Attempts to compare the 23rd prime minister of Canada and the 44th president of the United States are fraught, but it is at least noteworthy when it is the latter who is making the comparison.
"He campaigned on a message of hope and of change. His positive and optimistic vision is inspiring young people. At home, he's governing with a commitment to inclusivity and equality. On the world stage, his country is leading on climate change and cares deeply about development," Barack Obama said Thursday, standing in the White House's Rose Garden with the prime minister to his left.
"So, from my perspective, what's not to like?"
The outgoing president's earlier interactions with the new prime minister were reported to have "an air of mentorship" and, for all of the stylistic and political commonalities cited by Obama, it is easy to imagine why the president might take a particular interest in the prime minister (and perhaps even the prime minister's success).
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And any hint that a torch was being passed was encouraged a day later when the Center for American Progress (a Washington, D.C., outfit committed to fostering and encouraging progressive politicians and policies) and Canada 2020 (a similar Ottawa outfit) released a collection of short essays on the future of global progressivism.
'Paragons of the progressive movement'
"The world stands on the cusp of a new, global progressive movement," the centre's Neera Tanden and Matt Browne write in the foreword, perhaps a little optimistically. "People around the globe are dissatisfied with their governments and eager for change, and many have turned once more to progressivism."
Two examples are cited as evidence: Italian Prime Minister Matteo Renzi and Canadian Prime Minister Justin Trudeau.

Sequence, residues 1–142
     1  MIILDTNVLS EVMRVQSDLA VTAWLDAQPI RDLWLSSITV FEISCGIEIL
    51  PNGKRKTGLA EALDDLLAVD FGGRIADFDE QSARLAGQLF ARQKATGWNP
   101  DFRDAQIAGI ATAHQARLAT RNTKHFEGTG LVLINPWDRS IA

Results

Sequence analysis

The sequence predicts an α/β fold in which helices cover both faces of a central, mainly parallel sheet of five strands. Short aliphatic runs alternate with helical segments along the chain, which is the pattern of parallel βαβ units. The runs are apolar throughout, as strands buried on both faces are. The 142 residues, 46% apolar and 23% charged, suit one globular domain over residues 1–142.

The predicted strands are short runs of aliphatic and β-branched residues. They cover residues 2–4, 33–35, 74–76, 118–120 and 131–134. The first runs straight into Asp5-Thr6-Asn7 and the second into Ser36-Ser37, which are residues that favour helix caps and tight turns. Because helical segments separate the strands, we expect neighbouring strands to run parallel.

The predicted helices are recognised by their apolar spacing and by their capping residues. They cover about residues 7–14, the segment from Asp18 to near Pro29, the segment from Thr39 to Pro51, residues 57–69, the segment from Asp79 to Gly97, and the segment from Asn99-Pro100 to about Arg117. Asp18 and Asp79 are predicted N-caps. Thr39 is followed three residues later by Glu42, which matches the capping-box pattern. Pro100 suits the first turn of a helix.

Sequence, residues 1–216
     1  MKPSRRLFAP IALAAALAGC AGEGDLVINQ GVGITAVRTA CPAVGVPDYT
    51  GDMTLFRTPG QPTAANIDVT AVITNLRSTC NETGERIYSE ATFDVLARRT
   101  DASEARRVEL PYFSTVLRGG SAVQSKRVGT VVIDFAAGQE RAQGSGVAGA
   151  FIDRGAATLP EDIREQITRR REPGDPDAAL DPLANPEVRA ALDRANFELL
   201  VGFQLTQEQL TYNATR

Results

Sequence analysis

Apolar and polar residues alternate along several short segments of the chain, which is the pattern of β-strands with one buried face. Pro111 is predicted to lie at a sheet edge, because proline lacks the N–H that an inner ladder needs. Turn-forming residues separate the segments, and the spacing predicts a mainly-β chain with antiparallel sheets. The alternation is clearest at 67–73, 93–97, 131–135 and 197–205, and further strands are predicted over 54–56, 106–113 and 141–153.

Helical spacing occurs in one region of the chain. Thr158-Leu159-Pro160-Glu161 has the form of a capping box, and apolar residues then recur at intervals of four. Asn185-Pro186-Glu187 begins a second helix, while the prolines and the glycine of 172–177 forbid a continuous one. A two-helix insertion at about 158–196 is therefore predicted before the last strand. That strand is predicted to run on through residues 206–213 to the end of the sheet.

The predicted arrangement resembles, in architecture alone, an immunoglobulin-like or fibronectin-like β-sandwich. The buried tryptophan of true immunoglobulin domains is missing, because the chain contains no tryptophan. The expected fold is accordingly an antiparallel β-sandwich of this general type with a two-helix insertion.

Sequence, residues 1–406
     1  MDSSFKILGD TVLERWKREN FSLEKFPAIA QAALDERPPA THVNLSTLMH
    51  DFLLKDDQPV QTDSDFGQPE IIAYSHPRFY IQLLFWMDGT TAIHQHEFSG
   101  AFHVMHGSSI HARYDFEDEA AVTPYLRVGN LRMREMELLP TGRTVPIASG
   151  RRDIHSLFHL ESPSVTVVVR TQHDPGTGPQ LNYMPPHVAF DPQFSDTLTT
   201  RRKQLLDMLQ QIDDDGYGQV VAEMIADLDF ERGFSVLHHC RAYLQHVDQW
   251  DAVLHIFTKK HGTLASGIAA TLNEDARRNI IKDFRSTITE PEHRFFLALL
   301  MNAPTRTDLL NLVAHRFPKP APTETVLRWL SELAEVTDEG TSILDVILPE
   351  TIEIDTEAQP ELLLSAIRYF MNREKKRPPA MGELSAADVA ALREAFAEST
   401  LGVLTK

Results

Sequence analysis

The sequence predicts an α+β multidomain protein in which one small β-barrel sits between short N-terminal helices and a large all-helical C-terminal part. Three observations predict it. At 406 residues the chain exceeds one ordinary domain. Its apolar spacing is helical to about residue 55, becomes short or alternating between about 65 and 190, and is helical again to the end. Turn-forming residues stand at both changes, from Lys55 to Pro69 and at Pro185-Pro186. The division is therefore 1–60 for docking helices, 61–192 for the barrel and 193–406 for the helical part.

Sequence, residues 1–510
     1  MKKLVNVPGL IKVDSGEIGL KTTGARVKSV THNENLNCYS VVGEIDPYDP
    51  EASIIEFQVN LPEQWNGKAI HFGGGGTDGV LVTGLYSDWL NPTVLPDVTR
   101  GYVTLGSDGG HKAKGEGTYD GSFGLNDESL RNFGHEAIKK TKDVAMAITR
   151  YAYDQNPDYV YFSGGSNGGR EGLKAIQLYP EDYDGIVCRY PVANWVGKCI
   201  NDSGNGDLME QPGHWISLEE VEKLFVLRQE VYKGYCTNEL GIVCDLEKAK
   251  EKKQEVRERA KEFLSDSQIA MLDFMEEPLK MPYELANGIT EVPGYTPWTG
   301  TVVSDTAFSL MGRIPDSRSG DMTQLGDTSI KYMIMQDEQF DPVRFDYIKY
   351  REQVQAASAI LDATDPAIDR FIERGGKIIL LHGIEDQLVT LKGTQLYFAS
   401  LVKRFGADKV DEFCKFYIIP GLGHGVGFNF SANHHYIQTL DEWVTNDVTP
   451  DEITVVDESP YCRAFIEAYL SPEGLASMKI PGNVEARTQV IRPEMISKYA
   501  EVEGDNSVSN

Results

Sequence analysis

"We are convinced," they write, "that Trudeau and Renzi will become paragons of the progressive movement."
Of Trudeau, Browne later explained in an interview that, "[Progressives] certainly feel that his arrival on the political scene has been a huge shot in the arm to the global progressive movement and they see him as a linchpin, if not the future leader, of that movement."
That he is a charismatic and handsome young man helps, but it is apparently the values he espouses that matter most.
So for everything else Trudeau might be said to represent, there is now also this: poster boy for the global progressive movement. Or at least one understanding of the progressive movement.
The Third Way
The progressivism imagined here is traced to Bill Clinton and Tony Blair and the so-called Third Way, their late-1990s attempt to split the difference between conservativism and socialism while remaining just to the left of the political centre.
"The centre ground of politics — in Europe, including the United Kingdom — is in danger. It doesn't usually make the most noise. It operates best in the quiet chambers of analysis and reflection. It seeks to build consensus rather than exploit rifts. But it is still where a large part of the public wishes to congregate," Blair writes in his contribution. "They urgently need the leadership of people like Italian Prime Minister Matteo Renzi, French Prime Minister Manuel Valls, and, most recently, Canadian Prime Minister Justin Trudeau. There couldn't be a better time to renew the Third Way."
(Renzi, the youngest prime minister in Italian history, has quibbled with austerity, pursued electoral and Senate reform and evenly divided his first cabinet between men and women. If he let his closely cut hair grow out a bit, the similarities would be spooky.)
Note that while Blair's Labour party has turned, awkwardly, to the socialism of Jeremy Corbyn, Trudeau's Liberals have turned to Blair's delivery guru, Michael Barber, to figure out how government can be made more competent.